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Pulitzer Prize-Winning Cartoon

Pulitzer Prize-Winning Cartoon

Illustrator Michael Sloan and writer Jake Halpern earn a Pulitzer Prize for a New York Times cartoon on the Syrian refugee crisis.

Illustrator Michael Sloan 85 IL has earned a 2018 Pulitzer Prize for his work on Welcome to the New World, an editorial cartoon series about Syrian refugees.

Illustrator Michael Sloan 85 IL was elated when he learned that Welcome to the New World—the 20-part editorial cartoon he and writer Jake Halpern co-created for The New York Times Sunday Review—has been awarded a 2018 Pulitzer Prize. The powerful series tells the true story of a family of Syrian refugees adapting to a new life in the US.

“I think we all have more in common with refugees than we realize.”

Welcome to the New World expresses understanding, compassion and tolerance—values that are very important to me,” Sloan says. “I hope that readers of the comic have a better understanding of what refugee families go through: the enormous obstacles, the grief of leaving family behind, the challenges of starting a new life in a foreign country. Like most people, they are looking for a better, safer life for themselves and for their children. I think we all have more in common with refugees than we realize.”

The project began when journalist Jake Halpern approached New York Times editor Bruce Headlam about following two Syrian brothers and their families as they adjusted to their new lives in America. When the editor suggested that he tell the story visually, Halpern reached out to Sloan, who has been freelancing for the Times since the early 1990s and lives in the same town as Halpern in Connecticut.

“We hit it off right away, both personally and professionally,” Sloan says. Process-wise, Halpern met with the families regularly, wrote and fact-checked the script for each comic and then vetted it with his editor. Once each script was final, it went to Sloan to create the artwork.

“I would sketch the panels and submit them and then move forward to final art after they were approved,” says Sloan, “inking on paper and adding color in Photoshop.” The process, he adds, is very familiar to him and similar to other illustration assignments with quick deadlines.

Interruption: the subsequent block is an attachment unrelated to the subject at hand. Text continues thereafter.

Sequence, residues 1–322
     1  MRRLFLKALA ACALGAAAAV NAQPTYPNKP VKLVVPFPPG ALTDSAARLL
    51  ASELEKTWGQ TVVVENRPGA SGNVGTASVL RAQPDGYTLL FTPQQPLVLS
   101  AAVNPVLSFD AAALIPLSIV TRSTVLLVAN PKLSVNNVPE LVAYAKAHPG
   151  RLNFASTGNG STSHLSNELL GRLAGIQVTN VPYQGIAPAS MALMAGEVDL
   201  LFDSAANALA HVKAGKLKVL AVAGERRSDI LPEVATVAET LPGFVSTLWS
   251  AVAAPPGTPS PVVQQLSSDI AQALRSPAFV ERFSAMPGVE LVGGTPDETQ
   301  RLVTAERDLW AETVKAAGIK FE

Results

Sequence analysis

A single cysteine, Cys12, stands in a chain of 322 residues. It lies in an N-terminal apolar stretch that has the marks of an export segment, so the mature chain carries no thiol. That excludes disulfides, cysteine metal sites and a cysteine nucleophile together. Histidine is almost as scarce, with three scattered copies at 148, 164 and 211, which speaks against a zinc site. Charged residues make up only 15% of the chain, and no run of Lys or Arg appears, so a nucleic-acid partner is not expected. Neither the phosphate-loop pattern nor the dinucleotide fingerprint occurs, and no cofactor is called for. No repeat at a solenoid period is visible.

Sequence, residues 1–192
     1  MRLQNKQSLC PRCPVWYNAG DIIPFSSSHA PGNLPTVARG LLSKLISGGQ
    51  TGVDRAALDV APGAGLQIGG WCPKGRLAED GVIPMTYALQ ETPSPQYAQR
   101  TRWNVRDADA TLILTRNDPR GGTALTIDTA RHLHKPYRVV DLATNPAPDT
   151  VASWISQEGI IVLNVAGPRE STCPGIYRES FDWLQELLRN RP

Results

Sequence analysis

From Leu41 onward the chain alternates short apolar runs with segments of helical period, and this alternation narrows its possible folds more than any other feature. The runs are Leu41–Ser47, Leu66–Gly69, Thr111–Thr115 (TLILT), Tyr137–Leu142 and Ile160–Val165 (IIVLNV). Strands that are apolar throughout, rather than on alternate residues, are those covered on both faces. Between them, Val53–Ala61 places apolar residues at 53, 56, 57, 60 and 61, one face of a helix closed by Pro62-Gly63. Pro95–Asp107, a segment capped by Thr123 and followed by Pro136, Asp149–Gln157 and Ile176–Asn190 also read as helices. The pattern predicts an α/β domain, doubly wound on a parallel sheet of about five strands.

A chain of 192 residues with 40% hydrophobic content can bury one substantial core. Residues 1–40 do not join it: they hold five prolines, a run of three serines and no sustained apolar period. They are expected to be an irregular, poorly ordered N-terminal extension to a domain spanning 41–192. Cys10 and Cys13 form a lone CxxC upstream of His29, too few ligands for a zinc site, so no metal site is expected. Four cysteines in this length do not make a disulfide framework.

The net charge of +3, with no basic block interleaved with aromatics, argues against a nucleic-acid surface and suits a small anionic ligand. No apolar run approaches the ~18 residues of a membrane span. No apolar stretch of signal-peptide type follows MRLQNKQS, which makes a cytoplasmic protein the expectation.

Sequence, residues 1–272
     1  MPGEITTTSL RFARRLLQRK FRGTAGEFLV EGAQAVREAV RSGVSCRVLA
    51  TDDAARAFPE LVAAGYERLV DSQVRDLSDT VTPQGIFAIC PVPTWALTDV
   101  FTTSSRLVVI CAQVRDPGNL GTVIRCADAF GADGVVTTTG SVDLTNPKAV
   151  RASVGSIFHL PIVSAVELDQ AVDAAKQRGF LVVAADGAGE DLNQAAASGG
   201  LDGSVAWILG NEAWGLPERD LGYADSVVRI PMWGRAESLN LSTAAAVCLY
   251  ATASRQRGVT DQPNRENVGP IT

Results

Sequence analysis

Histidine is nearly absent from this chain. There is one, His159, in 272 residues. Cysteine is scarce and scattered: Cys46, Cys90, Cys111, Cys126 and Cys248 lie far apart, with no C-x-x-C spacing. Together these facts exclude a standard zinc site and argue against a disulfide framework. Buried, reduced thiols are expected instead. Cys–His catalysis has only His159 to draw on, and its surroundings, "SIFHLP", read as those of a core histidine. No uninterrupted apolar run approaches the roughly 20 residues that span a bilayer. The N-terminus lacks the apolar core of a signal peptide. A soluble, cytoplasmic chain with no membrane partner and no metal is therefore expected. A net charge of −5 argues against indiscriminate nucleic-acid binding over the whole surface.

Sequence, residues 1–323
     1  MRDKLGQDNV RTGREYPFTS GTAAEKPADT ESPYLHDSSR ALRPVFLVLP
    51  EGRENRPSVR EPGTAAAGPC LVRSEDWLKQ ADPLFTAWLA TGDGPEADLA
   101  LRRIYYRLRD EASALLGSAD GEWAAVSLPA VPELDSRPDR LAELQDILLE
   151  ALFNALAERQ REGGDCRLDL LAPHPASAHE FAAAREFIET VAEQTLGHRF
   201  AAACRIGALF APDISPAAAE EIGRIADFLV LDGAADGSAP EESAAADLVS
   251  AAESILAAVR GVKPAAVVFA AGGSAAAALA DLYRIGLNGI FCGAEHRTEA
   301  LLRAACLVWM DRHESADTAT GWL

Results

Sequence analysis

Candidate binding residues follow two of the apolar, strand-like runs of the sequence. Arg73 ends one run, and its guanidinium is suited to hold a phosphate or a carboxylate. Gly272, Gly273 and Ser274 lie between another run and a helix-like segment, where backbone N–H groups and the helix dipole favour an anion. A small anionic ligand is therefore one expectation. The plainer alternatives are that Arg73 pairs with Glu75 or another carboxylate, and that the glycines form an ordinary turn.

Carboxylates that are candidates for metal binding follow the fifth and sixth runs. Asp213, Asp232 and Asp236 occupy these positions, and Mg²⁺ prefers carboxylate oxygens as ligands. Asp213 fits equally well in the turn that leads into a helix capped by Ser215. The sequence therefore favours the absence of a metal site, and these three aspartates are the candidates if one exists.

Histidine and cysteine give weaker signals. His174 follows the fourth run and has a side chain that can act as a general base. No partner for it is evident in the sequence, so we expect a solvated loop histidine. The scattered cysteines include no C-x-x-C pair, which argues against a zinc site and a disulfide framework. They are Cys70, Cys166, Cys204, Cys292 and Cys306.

Perhaps it’s the simplicity of the drawings and the dearth of dialogue that makes the work so strong and universally relatable. Halpern notes that some of the most powerful moments in the series are frames with no words at all. “It’s a great medium to work in—accessible and rich with possibilities,” Sloan adds. The two are now developing Welcome to the New World as a graphic novel for Metropolitan Books.

Sloan appreciates the many opportunities he has had from the Times going as far back as former Book Review Art Director Steve Heller, who gave him his first break as an illustrator in 1989. “My path in life would’ve been very different if I hadn’t made an appointment to show my portfolio of prints and drawings to Steve shortly after I moved to New York City,” he explains. “Steve taught me how to be an illustrator.”

Sloan’s illustrations have since appeared in The Washington Post, The New Yorker, The Wall Street Journal and The Boston Globe, among other nationally recognized publications, and his artwork has been awarded three silver medals from the Society of Illustrators in NYC. He also draws the Zen of Nimbus comic, paints in oil and plays bass with The Half-Tones, a jazz band with fellow illustrators.

“A chance mistake in the etching studio or meeting somebody on a street corner can be a life-changing experience if you’re open to it.”

At RISD Sloan began as an Architecture major before discovering illustration and printmaking, and says he was most influenced by professors Mahler Ryder (who died in 1992), Dagmar Frinta, Randa Newland and Cornelia McSheehy, current head of Printmaking. “I was so inspired by the work that other students were doing around me in different mediums and different departments,” he recalls, “and it constantly pushed me to improve and develop my own work.”

Sloan learned as a student that it’s important to find mentors and also to be open to new paths and directions. “A chance mistake in the etching studio or meeting somebody on a street corner can be a life-changing experience if you’re open to it,” he says. “I developed that spirit of curiosity at RISD and I’ve tried to carry it with me ever since.”

­–Simone Solondz

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